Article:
Design and implementation of GRIP: a computerized glucose control system at a surgical intensive care unit
Vogelzang M, Zijlstra F, Nijsten MW. Design and implementation of GRIP: a computerized glucose control system at a surgical intensive care unit. BMC Med Inform Decis Mak. 2005 Dec 19; 5: 38
Tight glucose control is essential in patients suffering from "stress hyperglycemia" in an intensive care setting. Aggressive insulin treatment has been shown to decrease morbidity and mortality. Given this therapy can result in life-threatening hypoglycemia, insulin-based nurse and paper protocols exist.
Some physicians and nurses argue for achieving the tightest control through high frequency testing. However, paper-based systems result in multiple decision points with poorly managed hyperglycemia and hypoglycemia still occurring. Researchers in the Netherlands have developed a computer decision support system (glucose regulation for intensive care patients (GRIP)), primarily used by nurses, to aid in recommending the insulin rate and time for the next blood draw.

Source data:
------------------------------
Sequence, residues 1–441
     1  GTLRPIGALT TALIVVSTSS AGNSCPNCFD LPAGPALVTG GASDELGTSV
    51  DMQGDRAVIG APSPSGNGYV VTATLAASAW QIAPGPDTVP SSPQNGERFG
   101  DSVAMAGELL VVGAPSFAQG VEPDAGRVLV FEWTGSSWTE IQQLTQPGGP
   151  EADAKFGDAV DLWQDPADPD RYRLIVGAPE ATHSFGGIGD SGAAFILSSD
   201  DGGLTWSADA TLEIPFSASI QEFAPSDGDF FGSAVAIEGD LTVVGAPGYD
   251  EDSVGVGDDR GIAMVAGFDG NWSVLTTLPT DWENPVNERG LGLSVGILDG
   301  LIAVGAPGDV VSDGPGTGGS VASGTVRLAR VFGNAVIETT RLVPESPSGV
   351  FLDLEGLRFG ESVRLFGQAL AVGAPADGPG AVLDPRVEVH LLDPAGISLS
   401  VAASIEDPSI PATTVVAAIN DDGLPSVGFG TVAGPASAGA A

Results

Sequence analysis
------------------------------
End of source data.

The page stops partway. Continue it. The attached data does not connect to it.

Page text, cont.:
The system also contained alerts for hyper/hypoglycemic values with requests to contact the physician. During a 4-month period, using GRIP, 179 hyperglycemic patients were treated and severe hypoglycemia (<2.2 mmol/L), due to human error, only occurred once in one patient (0.6%) and mild hypoglycemia (<3.5 mmol/L) occurred in 20 patients (11.2%). Furthermore, glucose levels met the target range for more than three-quarters of the time in 66 patients (61%) and glucose sampling was less than 6 times a day for 76 patients (70%). After initiation of GRIP nurses judged glucose control to be running more smoothly than before (p< 0.001).
This study showed that an easy to train computer decision support system improves intensive care patient glucose management without inducing hypoglycemia while generating efficiency and creating user satisfaction.